All posts filed under: Summer Recipes

Courgette Soup

This is a surprisingly creamy, pleasantly unctuous soup. A perfect way to use an excess amount of summer courgettes and one of the simplest soups you could ever wish to make. Since courgettes, on their own, can taste rather bland it is important to consider how you are going to give this soup a savoury punch. The most effective way is to use a good animal fat – either butter, goose fat or lard with some olive oil to loosen the fat and a chicken or veal stock. If you don’t have any stock to hand consider adding anchovies or olives as alternatives. Ingredients Courgettes, onion, stock, soured cream, salt & pepper Directions Fry the onions on a medium heat in some butter or goose fat. Add some olive oil if the onions are beginning to stick to the pan. The animal fats will add a desirable flavour to the final soup, whilst the olive oil will add texture. When the onions are tender and translucent add the sliced courgettes. Leave to fry for a …

Balsamic vinegar and honey spare ribs

Ingredients Pork spare ribs, balsamic vinegar, honey, cumin, star anise, cloves, salt & pepper. For the marinade Pour a generous helping of balsamic vinegar in a bowl and add around three to four table spoons of raw honey. Add a teaspoon of cumin, a star anise, three to four cloves and some salt & pepper. Stir the ingredients into the vinegar dispersing the flavours and the honey before adding some olive oil. Pour the marinade over the spare ribs and leave to marinate in a bowl for 4- 5 hours in the fridge. About half an hour before cooking take out of the fridge and leave the meat to relax and reach room temperature. That way the meat will be more tender when cooking. The ribs can be either fried in a pan on a low heat for 30-40 minutes. The honey will make them brown quickly so make sure to fry in plenty of fat such as lard mixed with olive oil on a medium, not high, heat. Alternatively grill them over the BBQ and serve …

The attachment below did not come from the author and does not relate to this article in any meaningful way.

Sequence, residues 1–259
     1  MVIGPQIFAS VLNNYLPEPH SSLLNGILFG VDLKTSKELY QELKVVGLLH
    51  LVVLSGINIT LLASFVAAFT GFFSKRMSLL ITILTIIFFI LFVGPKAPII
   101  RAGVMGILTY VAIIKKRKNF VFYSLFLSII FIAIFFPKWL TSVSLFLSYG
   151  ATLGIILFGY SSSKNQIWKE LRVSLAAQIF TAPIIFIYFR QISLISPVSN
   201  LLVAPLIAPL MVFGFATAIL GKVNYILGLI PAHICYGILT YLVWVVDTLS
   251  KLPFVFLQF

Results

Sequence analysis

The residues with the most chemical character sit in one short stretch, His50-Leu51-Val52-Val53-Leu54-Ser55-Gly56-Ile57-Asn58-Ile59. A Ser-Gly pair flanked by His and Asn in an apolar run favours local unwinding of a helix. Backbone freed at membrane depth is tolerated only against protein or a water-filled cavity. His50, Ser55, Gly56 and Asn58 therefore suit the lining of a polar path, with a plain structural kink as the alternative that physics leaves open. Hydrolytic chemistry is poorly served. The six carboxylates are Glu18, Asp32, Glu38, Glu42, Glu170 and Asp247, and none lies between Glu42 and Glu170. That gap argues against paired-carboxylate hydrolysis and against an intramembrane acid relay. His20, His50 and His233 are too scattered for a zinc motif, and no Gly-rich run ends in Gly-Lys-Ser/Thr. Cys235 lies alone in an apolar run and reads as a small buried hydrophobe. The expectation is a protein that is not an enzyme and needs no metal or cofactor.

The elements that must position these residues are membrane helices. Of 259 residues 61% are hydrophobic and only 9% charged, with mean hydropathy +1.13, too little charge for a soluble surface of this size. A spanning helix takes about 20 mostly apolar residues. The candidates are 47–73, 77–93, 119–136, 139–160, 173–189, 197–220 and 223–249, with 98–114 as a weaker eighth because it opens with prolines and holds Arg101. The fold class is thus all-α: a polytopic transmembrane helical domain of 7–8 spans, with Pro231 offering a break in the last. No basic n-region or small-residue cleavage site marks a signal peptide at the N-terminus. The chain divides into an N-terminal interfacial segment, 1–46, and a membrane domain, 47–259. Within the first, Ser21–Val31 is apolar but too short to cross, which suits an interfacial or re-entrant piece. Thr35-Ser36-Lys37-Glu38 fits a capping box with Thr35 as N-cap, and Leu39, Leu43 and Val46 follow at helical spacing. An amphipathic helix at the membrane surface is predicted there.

Two different potato salads